The unofficial start of summer is finally here—although to judge from the unusually high temperatures we had in New York earlier this week, it could have been the real deal already.
Looking ahead to July and August, Tracy and I hope to spend as much time as possible with the kids on the East End of Long Island—our favorite summer respite.
While things are finally back to almost “normal,” the jury is still out on what summer vacation season is going to look like for a lot of people. Airlines cancelled a record number of flights over Memorial Day weekend—more than the last three years combined—thanks to staffing shortages, bad weather, and air traffic control problems, so staying flexible is going to be necessary. Many of the major carriers are operating with such lean staffs that they have little room for error, and experts say that air travel could be difficult for the next few months. With gas prices still going up, driving can be a tough and expensive alternative.
Staycation, anyone? You may need to dig deep into your wallet. Some movie theaters have started charging a premium for tickets to blockbusters like Spiderman: No Way Home, The Batman and Top Gun: Maverick (which I highly recommend, having seen it last weekend). And shortages aren’t helping…theaters are running out of candy, popcorn and even the bags to hold the popcorn, thanks to ongoing supply chain hold-ups that are gumming up the works. Let’s hope we don’t see a run on Milk Duds and M&Ms or we’ll all be munching on carrot sticks.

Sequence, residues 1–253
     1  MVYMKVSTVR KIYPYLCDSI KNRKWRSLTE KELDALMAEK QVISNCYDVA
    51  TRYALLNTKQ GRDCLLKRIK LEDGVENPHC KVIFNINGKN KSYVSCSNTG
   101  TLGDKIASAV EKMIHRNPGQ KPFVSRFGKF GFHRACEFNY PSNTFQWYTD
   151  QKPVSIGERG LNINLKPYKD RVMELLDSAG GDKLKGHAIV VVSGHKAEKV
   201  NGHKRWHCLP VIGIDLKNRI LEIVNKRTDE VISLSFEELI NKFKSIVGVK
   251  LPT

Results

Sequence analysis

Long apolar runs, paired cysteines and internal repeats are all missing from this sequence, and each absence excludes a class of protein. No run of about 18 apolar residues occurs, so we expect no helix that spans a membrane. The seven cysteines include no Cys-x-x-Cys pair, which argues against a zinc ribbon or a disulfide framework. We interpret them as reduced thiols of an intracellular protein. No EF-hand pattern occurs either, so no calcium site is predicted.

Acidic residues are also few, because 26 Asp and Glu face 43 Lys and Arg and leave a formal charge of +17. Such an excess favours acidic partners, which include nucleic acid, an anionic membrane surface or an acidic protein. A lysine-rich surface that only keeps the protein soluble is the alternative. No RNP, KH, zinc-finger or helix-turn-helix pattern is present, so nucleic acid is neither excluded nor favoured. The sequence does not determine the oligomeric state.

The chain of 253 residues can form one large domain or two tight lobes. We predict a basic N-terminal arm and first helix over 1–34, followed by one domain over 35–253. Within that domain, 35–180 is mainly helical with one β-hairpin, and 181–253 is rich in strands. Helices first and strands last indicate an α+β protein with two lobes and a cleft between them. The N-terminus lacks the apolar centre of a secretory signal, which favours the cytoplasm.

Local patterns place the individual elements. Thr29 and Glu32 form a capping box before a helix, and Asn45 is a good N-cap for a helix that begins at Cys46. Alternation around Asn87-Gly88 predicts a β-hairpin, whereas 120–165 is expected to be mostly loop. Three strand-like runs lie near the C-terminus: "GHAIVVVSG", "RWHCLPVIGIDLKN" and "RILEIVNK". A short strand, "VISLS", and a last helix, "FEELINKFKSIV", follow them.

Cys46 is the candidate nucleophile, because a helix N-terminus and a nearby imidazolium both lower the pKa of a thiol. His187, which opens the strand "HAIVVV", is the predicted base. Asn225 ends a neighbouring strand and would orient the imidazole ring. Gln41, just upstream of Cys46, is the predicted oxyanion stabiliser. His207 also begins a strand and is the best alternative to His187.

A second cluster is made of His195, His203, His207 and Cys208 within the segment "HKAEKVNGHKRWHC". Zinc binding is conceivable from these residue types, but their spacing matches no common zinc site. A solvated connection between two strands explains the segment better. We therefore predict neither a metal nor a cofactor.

And apparently, even going to the beach or the club pool might not be a day at the park, so to speak, thanks to the scarcity of available workers. There are lifeguard shortages across the country, with fewer young people applying for these types of traditional summer jobs and instead taking offers from higher-paying employers in urgent need of hands, feet and talent.
Some elite lifeguards are making the most of the laws of supply and demand. Los Angeles forked over $510,283, including hefty overtime, to a single lifeguard captain last year—and he’s not alone. 20 others came pretty close, making well in excess of $300,000. Nice work if you can get it.
Pool and beach operators without LA’s deep pockets are getting creative. Seniors are the new recruits—60 is the new 40! Necessity, as always, is the mother of invention.
Some things never change, however. New York City’s beaches officially opened on Saturday, and Coney Island is back in full pre-pandemic swing. Nathan’s hot dog, anyone?
On another note, Marcum announced a new expansion this week, with LTSP, Inc. of Newport Beach merging into our California region. Welcome to the LTSP team and their clients—we look forward to a great collaboration!
Happy weekend everyone.